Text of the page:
A New Betta in the Tank or Other Incompatible Fish
If you want to add new fish to your collection, always do your research. Some species are incompatible, and they will end up hurting each other or worse. This is especially the case with other betta fish, particularly males.
It’s best not to put two male bettas in the same tank bearing in mind their territorial behavior. As opposed to males, female betta fish can usually live in groups.
On the other hand, there are different kinds of fish that are safe to add to your betta’s tank, such as Cory catfish, kuhli loaches, and guppies. If you’re not looking to add fish to your betta tank but want to add other aquatic life, consider snails, ghost shrimp, frogs, etc.
Your Betta Might Be Confused
In certain situations, especially when your betta finds itself in a new environment, it could be confused about the type of food it receives.
For example, your betta might have been fed with a different kind of food before you purchased it from the pet store. If this is the case, don’t be surprised if it doesn’t respond to food in the form of pellets and flakes.
To solve this issue, you can try switching up their diet. Freeze-dried or frozen foods will surely appeal to them more. However, if you give them a few days to adjust to the new food, they will soon realize what it is.
Just be careful not to allow your betta fish to go too long without eating. If the pellets don’t interest them at all, then your only choice is to change their diet completely.
All of the factors we mentioned so far can bring your betta stress, whether it’s the low water temperature, the poor water quality, or the food choice. Fish can react to stress differently, and not eating is one of the most common ones. There are several things you can do to reduce their stress levels.
- Place a blanket or some kind of protective cover over the tank so the betta can get used to its new surroundings gradually and without all the distractions coming from outside the tank
- Don’t leave your tank bare. Instead, decorate it with colorful pieces, corals, plants, artificial caves, and driftwood – places where they can explore and hide if they desire
- Make sure your tank isn’t too small. They need room to move around freely
- Don’t place your betta fish in the same tank with unharmonious species
- Change the tank water regularly, and check the water temperature and quality
They can also get lonely, but that is rarely the case with betta fish. As long as it has enough space, a betta fish won’t have any problems living alone.
Your Betta Could Be Ill
If your betta isn’t eating, it can also be a sign that it’s sick. You can usually tell by the way it’s acting – if it’s swimming slower than usual, if it’s remaining close to the bottom of the tank, if it’s hovering around the surface of the water, or if it has white spots on its scales.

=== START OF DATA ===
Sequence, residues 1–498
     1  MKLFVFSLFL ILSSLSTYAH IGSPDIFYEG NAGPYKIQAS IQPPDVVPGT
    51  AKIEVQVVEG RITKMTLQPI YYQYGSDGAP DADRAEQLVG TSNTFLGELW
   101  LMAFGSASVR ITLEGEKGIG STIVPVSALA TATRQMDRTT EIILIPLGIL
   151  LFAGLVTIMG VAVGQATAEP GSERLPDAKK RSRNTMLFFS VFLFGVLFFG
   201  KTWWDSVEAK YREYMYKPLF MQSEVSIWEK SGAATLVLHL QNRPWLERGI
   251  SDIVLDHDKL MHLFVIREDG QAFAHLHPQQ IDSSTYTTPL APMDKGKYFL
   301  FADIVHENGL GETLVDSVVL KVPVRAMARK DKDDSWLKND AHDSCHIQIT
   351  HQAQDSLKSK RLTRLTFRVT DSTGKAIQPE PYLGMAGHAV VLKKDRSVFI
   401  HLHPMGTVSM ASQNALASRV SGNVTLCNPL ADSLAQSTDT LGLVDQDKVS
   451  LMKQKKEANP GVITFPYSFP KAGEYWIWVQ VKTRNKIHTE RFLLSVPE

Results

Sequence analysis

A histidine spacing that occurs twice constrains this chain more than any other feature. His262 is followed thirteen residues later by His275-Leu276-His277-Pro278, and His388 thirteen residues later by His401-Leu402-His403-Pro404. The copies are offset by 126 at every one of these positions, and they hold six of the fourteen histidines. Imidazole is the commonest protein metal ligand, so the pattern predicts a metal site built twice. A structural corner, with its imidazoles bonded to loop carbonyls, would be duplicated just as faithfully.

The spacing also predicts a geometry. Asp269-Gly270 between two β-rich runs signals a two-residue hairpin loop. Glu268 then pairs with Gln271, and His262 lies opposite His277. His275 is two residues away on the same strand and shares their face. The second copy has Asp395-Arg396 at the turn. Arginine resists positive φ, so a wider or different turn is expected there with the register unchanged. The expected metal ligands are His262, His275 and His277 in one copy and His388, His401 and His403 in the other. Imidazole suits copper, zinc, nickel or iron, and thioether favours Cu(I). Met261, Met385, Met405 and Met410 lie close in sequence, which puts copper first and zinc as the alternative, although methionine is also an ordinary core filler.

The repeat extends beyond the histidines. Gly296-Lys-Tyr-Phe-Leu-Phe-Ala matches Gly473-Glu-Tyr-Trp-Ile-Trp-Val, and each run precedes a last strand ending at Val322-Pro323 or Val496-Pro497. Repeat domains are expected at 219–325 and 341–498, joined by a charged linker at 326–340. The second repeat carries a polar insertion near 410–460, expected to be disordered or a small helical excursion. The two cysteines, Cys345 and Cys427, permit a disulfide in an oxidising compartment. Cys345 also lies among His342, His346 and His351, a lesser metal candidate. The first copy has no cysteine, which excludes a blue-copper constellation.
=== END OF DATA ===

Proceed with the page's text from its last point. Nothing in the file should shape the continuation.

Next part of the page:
Observe your betta and research the symptoms. Several things could be damaging your betta’s health:
- Cleaning your tank with soap and detrimental chemicals will end up killing the fish
- Fish are cold-blooded, which means that their body adjusts to the temperature of the water. Tank water that’s too cold could result in thermal shock
- Nitrate or ammonia poisoning – this usually occurs when the water parameters shift too much
- Bacterial infections due to poor aquarium maintenance
Most common illnesses are treated by cleaning the tank, replacing the dirty water with clean filtered water, and adjusting the betta’s diet to a healthier alternative.
You might need to consult with a vet on which medication you should use in more serious cases. Don’t try giving your fish any medication on your own.
How Do You Know if Your Betta Fish Is Dying?
Depending on which disease your betta is suffering from, it will show subsequent signs of illness. These are some of the most common symptoms that your betta fish might be dying:
- Not being able to swim (either spending too much time on the bottom of the tank or floating on the surface)
- Unusual swimming patterns
- Discoloration – if its scales look faded out, or if its scales are dotted with white spots
- Ripped or punctured fins – this is usually caused by a fungus or a bacterial infection
- Lethargy – this is common if the water temperature doesn’t suit it
- Bulging eyes and raised scales
- Swelling and constipation
How Long Can a Betta Go Without Eating?
Your betta fish can usually survive without food from between 10 days to about two weeks. This varies from one fish to another and depends on the overall environment in which the fish lives. Bettas have tiny stomachs, so they don’t require a lot of food, but that’s not an excuse to not feed them daily.
How Can I Tell if My Betta Is Stressed?
Keep an eye on them. To tell if your betta fish is feeling stressed, you need to observe them and look for signs of stress and illness.
For example, lack of appetite is a signal that your betta is stressed. Other symptoms may include strange swimming patterns, lethargy, gasping at the surface, spending too much time on the tank’s bottom, etc.
Check your water temperature, the water parameters, and if your betta has been eating recently.
Can You Force Feed a Betta Fish?
Although trying this option might seem far-fetched, it is possible. If your fish is sick, but it still needs to eat, you can try feeding it with a small pipette. However, this option is usually not advised.
Make Sure Your Betta Fish Are Healthy and Happy
The next time your betta fish refuses to eat, you will know what to do. No matter what other people think, taking care of a betta fish can be just as challenging and time-consuming as with any other pet. But with the right mindset, prepared research, and affection for animals, it can be pretty straightforward.
Have you ever had betta fish that didn’t want to eat? Did you try any of the solutions from this article? Let us know in the comments section below.